A Rede Global de Católicos do Arco-Íris assinala o Relatório Final do Sínodo dos Bispos de 2015 sobre A Vocação e a Missão da Família na Igreja e no Mundo Contemporâneo. Reconhecemos que a apresentação pelos Bispos aos Papa Francisco não é mais do que um passo no processo do Sínodo e aguardará uma resposta e reflexão mais abrangentes por parte dele da maneira que ele irá determinar.

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Sentimo-nos encorajados pelo Discurso de Encerramento do Papa ao Sínodo, sobretudo pelos seus comentários de que “também se tratava de se por a nu aqueles corações fechados, que frequentemente se escondem por detrás dos ensinamentos da Igreja ou das boas intenções, a fim de sentar-se na cadeira de Moisés e julgar, às vezes com superioridade e superficialidade, situações difíceis e famílias feridas… Tratava-se de tentar abrir horizontes mais amplos, colocar-se acima das teorias conspiratórias e pontos de vista cegos e inflexíveis, para defender e estender a liberdade dos filhos de Deus e para transmitir a beleza da Boa Nova cristã, por vezes incrustadas numa linguagem que é arcaica ou simplesmente incompreensível.”

É claro que os Bispos não conseguiram chegar a um consenso mais positivo quanto à inadequação da terminologia utilizada anteriormente para descrever as variações da orientação sexual. Contudo, notamos nitidamente no Relatório Final do Sínodo (Parágrafo 76) o início de uma nova era de cuidado pastoral inclusivo para e com as pessoas LGBT, e suas família, algo que se espera será implementado pelas Dioceses no mundo inteiro. Uma vez que é explicitamente mencionado que `se deve dar atenção específica às famílias que tenham um membro com tendências homossexuais’, não há, portanto, mais qualquer razão para não se incluir os próprios casais do mesmo sexo, bem como os filhos e filhas de pais ou mães do mesmo sexo neste enfoque pastoral.

Lamentamos que tenha ficado subentendido que o interesse maior de uma criança, em situação de adoção, necessariamente exige que a mesma seja criada por casais de sexos opostos. Tal afirmação está em franca contradição com consideráveis pesquisas nas ciências sociais e rebaixa a generosidade de casais de lésbicas e gays, bem a de pais e mães solteiros, no cuidado de crianças indesejadas (Parágrafo 65). Também é infeliz que o Relatório Final conceda grande credibilidade ao termo ‘ideologia de gênero’, criado até mesmo sem qualquer comprovação científica, por pessoas que buscam uma desculpa para não ouvir e responder pastoralmente às realidades das vidas de LGBTs, bem como de seus pais e familiares (Parágrafo 8).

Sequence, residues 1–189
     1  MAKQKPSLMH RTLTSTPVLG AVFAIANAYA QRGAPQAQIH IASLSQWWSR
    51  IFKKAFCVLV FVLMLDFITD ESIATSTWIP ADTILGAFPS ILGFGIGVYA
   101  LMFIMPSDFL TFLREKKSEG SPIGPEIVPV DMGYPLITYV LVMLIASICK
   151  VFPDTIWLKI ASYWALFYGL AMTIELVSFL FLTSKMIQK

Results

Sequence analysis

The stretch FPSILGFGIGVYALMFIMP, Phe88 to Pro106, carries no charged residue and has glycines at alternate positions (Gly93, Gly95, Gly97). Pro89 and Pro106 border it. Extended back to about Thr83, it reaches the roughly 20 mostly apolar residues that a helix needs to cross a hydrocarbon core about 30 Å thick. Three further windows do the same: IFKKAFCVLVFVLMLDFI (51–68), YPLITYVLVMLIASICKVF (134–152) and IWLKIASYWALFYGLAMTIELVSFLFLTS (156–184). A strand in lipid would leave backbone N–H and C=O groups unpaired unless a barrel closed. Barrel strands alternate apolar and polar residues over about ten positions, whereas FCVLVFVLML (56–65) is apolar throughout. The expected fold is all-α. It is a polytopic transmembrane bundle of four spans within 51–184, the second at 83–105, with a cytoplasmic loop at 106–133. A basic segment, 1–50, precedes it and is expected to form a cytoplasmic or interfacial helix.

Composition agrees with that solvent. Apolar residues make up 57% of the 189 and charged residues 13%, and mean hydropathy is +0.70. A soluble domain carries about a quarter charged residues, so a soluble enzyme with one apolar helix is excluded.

Rejeitamos firmemente a acusação sem base de que o socorro financeiro a países pobres esteja condicionado à introdução de leis que instituam o casamento entre pessoas do mesmo sexo (Parágrafo 76) e estamos alarmados com a não rejeição da criminalização, tortura e pena de morte infligida às pessoas LGBT em muitos países.

Embora o Sínodo de 2015 não tenha conseguido produzir uma declaração mais sólida quanto à aceitação de LGBTs, valorizamos os pedidos de desculpas ocorridos durante o encontro. Havia frases que se desculpavam pela linguagem anterior que era imprecisa e nociva ao se dirigir às pessoas LGBT e seus pais juntamente com um desejo de prosseguir com um estudo e reflexão mais intensivos sobre as realidades dos relacionamentos de casais do mesmo sexo e sua vida familiar. Foi aberta uma porta para uma escuta mais atenta e sensível às questões LGBT na Igreja através dos processos sinodais de 2014-2015 as quais, apesar da oposição, não pode mais ser fechada.

Para mais informações:

E-mail: rainbowcatholicsassembly@gmail.com
Websites: www.rainbowcatholics.org www.waysoflove.wordpress.com
Twitter: #rainbowcatholics – #waysoflove2015
Facebook: https://www.facebook.com/events/1616333885308527/
Assessoria de Imprensa: Emilio Sturla Furnò +39 3404050400 info@emiliosturlafurno.it

Outros contatos:

Michael Brinkschroeder – michael.brinkschroeder@web.de / mob: +49 15778814399 – Alemanha

Francis De Bernardo – director@newwaysministry.org / +001 301-277-5674 / mob: + 001 240-432-2489 – EUA

Martin Pendergast – lgbtcatholicswestminster@gmail.com / +44 208 986 0807 – Reino Unico

Andrea Rubera – arlock965@yahoo.it / +39 335 7510922 – Itália

OBS:

Uma rede internacional de 13 organizações de/com Católicos LGBT Catholics reuniu-se pela primeira vez durante o Sínodo de 2014 em Roma. Foi substituída pela Rede Global de Católicos do Arco-Íris (RGCAI) que foi formalmente lançada em sua Assembleia de Fundação, de 1 a 4 de outubro de 2015, com representantes de 30 países de todos os continentes.

Tradução para o português por Lula Ramires (lularamires@terra.com.br), do Grupo de Ação Pastoral da Diversidade de São Paulo, Brasil.

“A NEW ERA FOR INCLUSIVE PASTORAL CARE OF LGBT PEOPLE IS GOING TO START AFTER THE SYNOD”

The Global Network of Rainbow Catholics notes the Final Report of the 2015 Synod of Bishops on The Vocation and Mission of the Family in the Church and in the Contemporary World. We recognise that the Bishops’ submission to Pope Francis is but one step in the Synod’s process and awaits a fuller response and reflection from him in the way which he will determine.